Nearly one in three older adults aged 65-74, and over half of those aged 75+, have hearing loss.
Medicare does not cover routine hearing assessments or hearing aids.
Several charitable foundations and other resources may be available to help you pay for hearing aids.
Nearly one in three older adults in the U.S. aged 65-74, and over half of those aged 75+, have hearing loss.
Yet while Medicare pays for a wide range of services, including many preventive benefits, it does not pay for hearing aids and routine hearing tests.
Does Medicare cover hearing aids and tests?
Original Medicare (Parts A & B) does not cover hearing exams, or hearing aids and fittings. Medicare Part B does cover diagnostic hearing and balance exams if a provider orders these tests to see if a person requires medical treatment for a condition other than hearing loss. For example, such tests may be used to diagnose the cause of dizziness or vertigo.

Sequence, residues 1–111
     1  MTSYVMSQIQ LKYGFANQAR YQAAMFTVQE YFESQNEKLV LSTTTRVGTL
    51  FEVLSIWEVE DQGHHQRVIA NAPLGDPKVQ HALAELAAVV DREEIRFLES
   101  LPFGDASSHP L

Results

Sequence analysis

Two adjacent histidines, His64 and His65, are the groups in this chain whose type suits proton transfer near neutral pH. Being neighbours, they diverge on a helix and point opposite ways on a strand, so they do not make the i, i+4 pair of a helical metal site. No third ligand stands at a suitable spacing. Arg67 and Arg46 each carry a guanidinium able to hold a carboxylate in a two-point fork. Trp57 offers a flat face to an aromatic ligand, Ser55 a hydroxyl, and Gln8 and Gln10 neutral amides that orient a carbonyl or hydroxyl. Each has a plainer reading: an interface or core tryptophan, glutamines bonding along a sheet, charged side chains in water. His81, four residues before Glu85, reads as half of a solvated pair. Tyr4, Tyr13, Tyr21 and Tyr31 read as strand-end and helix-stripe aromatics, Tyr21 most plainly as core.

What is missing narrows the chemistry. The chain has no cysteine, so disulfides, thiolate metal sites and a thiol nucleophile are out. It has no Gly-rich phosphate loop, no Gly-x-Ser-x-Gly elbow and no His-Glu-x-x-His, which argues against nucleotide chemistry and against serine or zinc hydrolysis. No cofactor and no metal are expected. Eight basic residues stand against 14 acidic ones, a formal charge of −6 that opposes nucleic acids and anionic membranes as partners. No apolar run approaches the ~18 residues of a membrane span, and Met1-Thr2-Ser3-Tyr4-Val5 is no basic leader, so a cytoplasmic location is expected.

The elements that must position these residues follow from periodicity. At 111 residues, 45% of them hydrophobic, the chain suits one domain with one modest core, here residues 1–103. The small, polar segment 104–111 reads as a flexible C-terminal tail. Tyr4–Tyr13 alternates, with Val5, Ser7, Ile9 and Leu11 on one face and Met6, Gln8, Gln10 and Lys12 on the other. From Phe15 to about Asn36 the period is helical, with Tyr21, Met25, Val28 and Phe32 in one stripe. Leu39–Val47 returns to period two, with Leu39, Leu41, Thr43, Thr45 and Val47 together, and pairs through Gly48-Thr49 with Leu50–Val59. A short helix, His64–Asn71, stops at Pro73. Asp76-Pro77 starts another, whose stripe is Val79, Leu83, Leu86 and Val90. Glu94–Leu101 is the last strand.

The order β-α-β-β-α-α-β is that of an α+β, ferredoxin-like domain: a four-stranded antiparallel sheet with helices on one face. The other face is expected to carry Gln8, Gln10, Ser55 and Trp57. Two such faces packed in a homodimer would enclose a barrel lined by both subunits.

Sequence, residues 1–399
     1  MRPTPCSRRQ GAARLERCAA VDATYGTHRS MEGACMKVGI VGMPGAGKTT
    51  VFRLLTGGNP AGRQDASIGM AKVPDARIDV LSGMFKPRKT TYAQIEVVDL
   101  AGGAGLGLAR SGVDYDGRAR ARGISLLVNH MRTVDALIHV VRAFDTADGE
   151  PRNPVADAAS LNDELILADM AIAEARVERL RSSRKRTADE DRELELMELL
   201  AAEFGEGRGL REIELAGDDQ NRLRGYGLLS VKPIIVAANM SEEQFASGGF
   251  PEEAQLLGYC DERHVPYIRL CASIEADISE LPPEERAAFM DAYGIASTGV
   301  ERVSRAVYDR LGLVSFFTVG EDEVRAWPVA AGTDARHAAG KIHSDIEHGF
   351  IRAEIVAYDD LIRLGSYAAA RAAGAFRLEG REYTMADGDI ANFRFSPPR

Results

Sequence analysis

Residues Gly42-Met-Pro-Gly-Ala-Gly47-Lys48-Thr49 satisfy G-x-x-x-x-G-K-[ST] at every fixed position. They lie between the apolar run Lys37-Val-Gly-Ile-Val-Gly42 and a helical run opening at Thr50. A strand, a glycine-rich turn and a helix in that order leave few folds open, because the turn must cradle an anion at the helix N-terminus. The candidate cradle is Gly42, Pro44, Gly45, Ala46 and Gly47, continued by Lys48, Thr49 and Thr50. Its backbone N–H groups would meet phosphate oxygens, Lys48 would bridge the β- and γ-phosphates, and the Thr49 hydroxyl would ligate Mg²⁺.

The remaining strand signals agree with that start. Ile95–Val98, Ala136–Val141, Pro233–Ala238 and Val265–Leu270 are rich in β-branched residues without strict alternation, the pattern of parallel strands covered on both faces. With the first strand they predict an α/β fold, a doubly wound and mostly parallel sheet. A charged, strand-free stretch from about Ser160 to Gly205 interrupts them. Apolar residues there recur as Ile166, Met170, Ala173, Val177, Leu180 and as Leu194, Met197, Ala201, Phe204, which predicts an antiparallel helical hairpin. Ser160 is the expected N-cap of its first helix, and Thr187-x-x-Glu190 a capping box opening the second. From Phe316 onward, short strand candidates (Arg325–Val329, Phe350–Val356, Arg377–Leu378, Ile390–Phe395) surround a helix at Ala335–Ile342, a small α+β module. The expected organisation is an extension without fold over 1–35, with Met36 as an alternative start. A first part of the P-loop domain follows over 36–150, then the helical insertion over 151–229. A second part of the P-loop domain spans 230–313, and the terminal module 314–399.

If you have a Medicare Advantage plan, check with your plan to see whether any hearing services or supplies are covered.
Where can I get help paying for hearing aids and tests?
- Sertoma is a civic service organization that helps connect people with hearing assistance. Sertoma has a comprehensive listing of national and state charitable programs, organized by state.
- Help America Hear is an assistance program from the Foundation for Sight and Sound providing new hearing aids for low-income individuals.
- The Hearing Industries Association maintains a Guide to Financial Assistance for Hearing Aids. The association also recommends negotiating on the price of hearing aids.
- Some local Lions’ Clubs run projects which distribute affordable hearing aids to those in need. Contact your local chapter to see if it offers the program.